The elders most at risk for financial fraud and other abuses are the ones we often think are doing just fine, and an increasing body of scientific research is starting to explain what’s going on.
There are reasons aging individuals who function well in society seem to lose some of the important “filters” that reinforce our internal radar system for detecting what’s legit and what’s bogus, who’s trustworthy and who isn’t. And it’s happening to individuals who don’t have dementia, and without regard to cognitive ability.
At blame is the part of our brain called the prefrontal cortex, our body’s version of the main bridge on the USS Enterprise, the famed starship of “Star Trek.”
As we age, the changes in our decision making may be so subtle that family members may not notice anything is out of the ordinary.
“The prefrontal cortex is the last one to fully mature and is the first one to decline,” explained Dr. Erik Asp, a neuroscientist and assistant professor of psychology at Hamline University who has studied how aging adults process information.
“We tend to believe all the information that we hear. Belief is part of the comprehension process. You can come back a split second later and doubt or reject it,” Asp said in a recent interview. “Our argument was that the front part of the brain is really critical to coming back and rejecting that belief.”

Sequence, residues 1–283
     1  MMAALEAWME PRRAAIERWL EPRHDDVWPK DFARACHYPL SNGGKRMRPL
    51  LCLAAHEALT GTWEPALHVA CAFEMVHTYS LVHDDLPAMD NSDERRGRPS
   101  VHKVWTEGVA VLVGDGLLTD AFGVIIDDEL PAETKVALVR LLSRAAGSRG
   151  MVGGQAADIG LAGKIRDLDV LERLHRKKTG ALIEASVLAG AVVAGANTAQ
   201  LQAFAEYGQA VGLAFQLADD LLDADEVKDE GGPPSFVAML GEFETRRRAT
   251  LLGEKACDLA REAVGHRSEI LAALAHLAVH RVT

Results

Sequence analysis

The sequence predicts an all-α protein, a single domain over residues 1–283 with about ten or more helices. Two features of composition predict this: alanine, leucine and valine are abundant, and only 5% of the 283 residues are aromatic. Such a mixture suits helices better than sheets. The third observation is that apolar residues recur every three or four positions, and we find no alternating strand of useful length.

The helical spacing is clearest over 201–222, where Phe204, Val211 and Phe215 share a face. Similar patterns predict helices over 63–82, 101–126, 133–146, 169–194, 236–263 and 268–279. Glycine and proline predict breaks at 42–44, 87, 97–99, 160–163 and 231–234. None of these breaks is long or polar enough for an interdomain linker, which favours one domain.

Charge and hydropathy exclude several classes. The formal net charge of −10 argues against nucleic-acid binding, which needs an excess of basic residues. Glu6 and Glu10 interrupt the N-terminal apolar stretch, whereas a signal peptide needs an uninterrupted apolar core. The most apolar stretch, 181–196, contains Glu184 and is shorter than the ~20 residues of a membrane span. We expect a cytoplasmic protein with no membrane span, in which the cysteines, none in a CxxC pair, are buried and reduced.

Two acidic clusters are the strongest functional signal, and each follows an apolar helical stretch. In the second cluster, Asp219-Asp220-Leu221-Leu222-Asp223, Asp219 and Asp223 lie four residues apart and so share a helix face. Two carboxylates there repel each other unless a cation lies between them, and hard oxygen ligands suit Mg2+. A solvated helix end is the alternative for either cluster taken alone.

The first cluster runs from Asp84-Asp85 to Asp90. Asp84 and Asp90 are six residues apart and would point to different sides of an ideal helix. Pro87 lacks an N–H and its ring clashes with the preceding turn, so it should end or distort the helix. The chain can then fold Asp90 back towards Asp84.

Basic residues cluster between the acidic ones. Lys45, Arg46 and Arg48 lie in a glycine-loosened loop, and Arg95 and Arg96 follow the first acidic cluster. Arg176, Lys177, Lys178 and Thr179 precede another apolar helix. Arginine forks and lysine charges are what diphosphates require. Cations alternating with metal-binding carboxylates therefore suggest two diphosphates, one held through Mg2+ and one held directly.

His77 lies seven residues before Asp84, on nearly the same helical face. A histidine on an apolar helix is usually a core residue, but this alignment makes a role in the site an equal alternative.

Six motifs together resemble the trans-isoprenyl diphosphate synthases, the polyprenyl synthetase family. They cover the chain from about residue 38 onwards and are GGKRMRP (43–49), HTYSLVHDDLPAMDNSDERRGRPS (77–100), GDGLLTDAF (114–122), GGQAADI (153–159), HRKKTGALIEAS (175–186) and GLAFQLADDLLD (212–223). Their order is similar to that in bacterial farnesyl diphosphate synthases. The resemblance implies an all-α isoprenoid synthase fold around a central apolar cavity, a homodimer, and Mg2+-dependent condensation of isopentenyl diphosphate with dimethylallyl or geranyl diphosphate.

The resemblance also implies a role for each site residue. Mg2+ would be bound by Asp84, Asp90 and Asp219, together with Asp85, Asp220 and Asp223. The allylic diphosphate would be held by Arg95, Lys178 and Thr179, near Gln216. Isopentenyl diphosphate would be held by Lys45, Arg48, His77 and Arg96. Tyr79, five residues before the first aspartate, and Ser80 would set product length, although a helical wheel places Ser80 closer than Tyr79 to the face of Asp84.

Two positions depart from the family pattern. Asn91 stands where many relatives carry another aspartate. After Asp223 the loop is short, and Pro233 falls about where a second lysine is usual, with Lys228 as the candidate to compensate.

A 2012 study co-authored by Asp showed people with damage to their prefrontal cortex – the region of the brain that converts information into memory, perception and various cognitive processes – had impacts to step two of the two-step process that regulates belief and doubt.
Asp and his colleagues gave misleading ads pulled from magazines and other sources to individuals with known brain impacts – people who’d had strokes or tumors. The researchers recorded how much the subjects believed the deceptive aspects of the ad. The team found that people initially believed the deceptive advertising, but then failed to doubt it.
Without doubt kicking in, study participants were “much more likely to make the purchase,” Asp said. “The worse you are on the tasks we know that are sensitive to frontal lobe functioning the more likely you are to be duped by deceptive advertising.”
Simply put, systems on the main deck of the starship aren’t firing the way they should be. The force fields are disabled.
“People just assumed that if you are bright and have a high-level position that you don’t have some of these issues. But it can be a problem,” said Dr. Adria Navarro, an assistant professor of Family Clinical Medicine at the University of Southern California.